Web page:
WORTHINGTON -- There are certain folks in this world who are hugely competitive, and hugely competitive in things that make you shake your head.

Hall of Fame Dallas Cowboys quarterback Roger Staubach was so competitive in everything, that he challenged the team’s fastest wide receivers to sprint races. Constant losing didn’t deter him. He was convinced he'd win the next time.

In these times where real baseball is a dream rather than a reality, statistical dice baseball games like Strat-O-Matic and APBA are making a resurgence. The companies, which have been around before your grandfather was born, sponsor big tournaments.

There are smaller tournaments everywhere, and leagues. The Star-Tribune recently produced an article featuring a 71-year-old APBA veteran who plays entire seasons, keeping detailed statistics. He’s having a ball of a time, apparently, in the age of stay-at-home orders.

There is an APBA league in Worthington where four baseball fans get together at The Globe newspaper building. Seasons come and go, players come and go, too, but for the last two seasons the foursome has been the same, featuring editor Ryan McGaughey, sports editor Doug Wolter (myself), and part-time sports writers Aaron Hagen and Dominic Burns.

You wouldn’t think four grown-ups would let random dice rolls get the best of them, but it happens. APBA brings out the competitive natures in every baseball fan, and occasionally the results can be both unpredictable and hilarious.

The last season was the fourth for Aaron Hagen. After that fourth season (every player plays a six-game schedule), he had had enough. In every season, Hagen has either finished last or tied for last.

“At some point, I had to figure my luck would turn. It did not. In the latest season, I was winless. Not that I didn't have chances; there was the epic 10-inning loss to Ryan, which he won in walk-off fashion. Not even a lineup that featured Mookie Betts and David Ortiz or a rotation of Justin Verlander and Chris Sale could save me. How one person can continually be so unlucky is a mystery.”

You would think that Hagen, who works at the local Mike Woll Investment Office, would be luckier with numbers. APBA is played with dice, and the roll of the dice corresponds to numbers on individual player cards. Every player has a card designed to produce similar statistics to what they’d compiled in their previous real-life seasons.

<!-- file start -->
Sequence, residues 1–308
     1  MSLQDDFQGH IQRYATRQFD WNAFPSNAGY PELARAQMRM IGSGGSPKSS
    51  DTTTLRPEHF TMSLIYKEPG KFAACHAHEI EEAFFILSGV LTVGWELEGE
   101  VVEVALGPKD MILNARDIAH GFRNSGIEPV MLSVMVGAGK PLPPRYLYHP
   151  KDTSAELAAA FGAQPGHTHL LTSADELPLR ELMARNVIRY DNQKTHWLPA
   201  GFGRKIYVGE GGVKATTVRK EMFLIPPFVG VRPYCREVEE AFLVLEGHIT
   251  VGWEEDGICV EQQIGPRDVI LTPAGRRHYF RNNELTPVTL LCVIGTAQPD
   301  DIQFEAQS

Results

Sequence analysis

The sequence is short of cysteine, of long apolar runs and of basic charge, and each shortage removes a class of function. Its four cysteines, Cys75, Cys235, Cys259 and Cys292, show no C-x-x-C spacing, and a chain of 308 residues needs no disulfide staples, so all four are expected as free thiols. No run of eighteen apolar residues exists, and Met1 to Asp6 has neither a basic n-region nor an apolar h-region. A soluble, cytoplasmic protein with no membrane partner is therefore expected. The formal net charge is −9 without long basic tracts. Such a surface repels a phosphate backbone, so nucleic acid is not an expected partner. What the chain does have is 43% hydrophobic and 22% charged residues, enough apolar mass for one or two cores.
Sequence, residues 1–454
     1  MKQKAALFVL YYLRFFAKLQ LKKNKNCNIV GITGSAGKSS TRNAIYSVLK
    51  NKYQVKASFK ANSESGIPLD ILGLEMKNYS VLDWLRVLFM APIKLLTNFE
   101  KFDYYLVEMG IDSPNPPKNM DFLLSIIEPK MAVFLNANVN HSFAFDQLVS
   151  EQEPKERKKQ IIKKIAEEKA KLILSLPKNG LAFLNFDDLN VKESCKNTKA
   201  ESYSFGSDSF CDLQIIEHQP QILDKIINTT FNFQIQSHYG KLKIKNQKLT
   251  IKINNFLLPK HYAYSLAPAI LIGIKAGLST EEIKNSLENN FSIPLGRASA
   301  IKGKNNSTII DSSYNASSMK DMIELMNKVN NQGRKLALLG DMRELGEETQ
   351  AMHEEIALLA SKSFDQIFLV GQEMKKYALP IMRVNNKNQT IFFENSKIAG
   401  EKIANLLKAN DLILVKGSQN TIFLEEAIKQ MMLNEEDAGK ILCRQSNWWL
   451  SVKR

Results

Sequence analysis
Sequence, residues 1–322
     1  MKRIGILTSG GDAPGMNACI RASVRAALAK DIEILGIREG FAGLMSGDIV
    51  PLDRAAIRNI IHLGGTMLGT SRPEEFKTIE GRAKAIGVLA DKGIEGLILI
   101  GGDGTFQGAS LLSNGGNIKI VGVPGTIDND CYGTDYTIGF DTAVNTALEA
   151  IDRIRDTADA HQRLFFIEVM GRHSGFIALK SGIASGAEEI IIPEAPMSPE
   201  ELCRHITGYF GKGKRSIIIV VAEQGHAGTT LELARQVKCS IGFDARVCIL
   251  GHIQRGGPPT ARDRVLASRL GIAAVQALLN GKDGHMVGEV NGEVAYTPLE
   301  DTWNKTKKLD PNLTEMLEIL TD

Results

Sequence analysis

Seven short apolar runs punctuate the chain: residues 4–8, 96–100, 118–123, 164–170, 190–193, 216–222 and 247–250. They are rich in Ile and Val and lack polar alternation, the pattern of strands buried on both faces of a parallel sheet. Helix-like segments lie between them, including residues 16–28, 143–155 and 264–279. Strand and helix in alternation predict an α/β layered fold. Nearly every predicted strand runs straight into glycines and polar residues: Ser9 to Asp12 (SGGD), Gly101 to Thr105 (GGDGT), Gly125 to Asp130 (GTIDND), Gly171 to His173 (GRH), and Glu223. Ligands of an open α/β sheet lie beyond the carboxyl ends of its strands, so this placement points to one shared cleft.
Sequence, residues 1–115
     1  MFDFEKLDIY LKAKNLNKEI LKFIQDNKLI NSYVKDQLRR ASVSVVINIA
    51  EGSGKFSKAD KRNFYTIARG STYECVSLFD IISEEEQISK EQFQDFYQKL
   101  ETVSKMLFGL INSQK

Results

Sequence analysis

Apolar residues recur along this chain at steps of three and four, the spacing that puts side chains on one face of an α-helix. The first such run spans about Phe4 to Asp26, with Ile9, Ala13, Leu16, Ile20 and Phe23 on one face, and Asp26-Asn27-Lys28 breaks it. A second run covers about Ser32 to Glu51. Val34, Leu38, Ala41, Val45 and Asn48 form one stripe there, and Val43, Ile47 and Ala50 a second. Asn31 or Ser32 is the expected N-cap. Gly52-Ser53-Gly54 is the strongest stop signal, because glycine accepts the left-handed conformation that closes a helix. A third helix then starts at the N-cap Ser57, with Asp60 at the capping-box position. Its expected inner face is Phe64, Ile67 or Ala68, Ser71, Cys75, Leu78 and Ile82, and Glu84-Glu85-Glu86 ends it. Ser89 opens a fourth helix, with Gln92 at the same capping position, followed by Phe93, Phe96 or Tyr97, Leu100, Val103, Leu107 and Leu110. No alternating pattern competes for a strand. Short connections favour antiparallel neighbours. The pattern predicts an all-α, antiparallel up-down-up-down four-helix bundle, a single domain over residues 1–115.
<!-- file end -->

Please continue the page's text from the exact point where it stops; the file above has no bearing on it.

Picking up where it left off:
Odds say that Hagen might have one bad season, but sooner or later (probably sooner) his luck would change.

He took losing in stride until the 0-6 campaign, which ended in early March. But after making his last out, he said he’d never play APBA again.

But there have been other “who’d a thought” moments in the Globe League, too. There was one player who, in the very first season, salivated over his Joe DiMaggio card. But Joe hit just .220. In another year, somebody owned Barry Bonds’ monster 73-homer card. But Bonds barely batted .100 and hit just one homer. Last season, Burns thought he’d dominate with his ridiculous Mike Trout card. But Trout let him down big-time.

Over the course of a 162-game APBA season, DiMaggio, Bonds and Trout would have come around. But as they say in baseball, anything can happen in a short series.

Which brings us to Ryan McGaughey. Ryan won the recent season with a 5-1 record. He always wins. He can’t be beaten, in fact. Lucky? As strange as Hagen’s misfortune is, McGaughey’s good fortune is just as strange.

Understandably, the other four league members are not impressed.

“I feel like I've become both the New York Yankees and Duke Blue Devils of our APBA league. Yes, it's true that I've been dominating the opposition over the last couple of years, but I'm not the organizer of some sort of evil empire. I'm just lucky, and the others aren’t,” explained the league champion.

Since March, however, Hagen has softened a bit.

“Unfortunately, with everything going on in the world, our next season has been put on hold. Despite declaring, ‘I will never play again’ after going winless, we all knew that wasn’t true. So now, while we wait for life to get back to normal, I’m stuck with the sour taste in my mouth of a winless season. I know my rolling will be better next time. It has to be, right?”

As for McGaughey, APBA has offered a learning opportunity for his 12-year-old son, Zach, who sometimes appeared in-season to roll dice for his dad -- with usually impressive results (is good luck a family trait?)

But finally, in this last season, Zach’s luck seemed to run out.

“It seemed to change his whole opinion of the game,” said Ryan. “I’ve told him, ‘Zach, sometimes you’re lucky, sometimes you're not -- and you’re never Aaron.”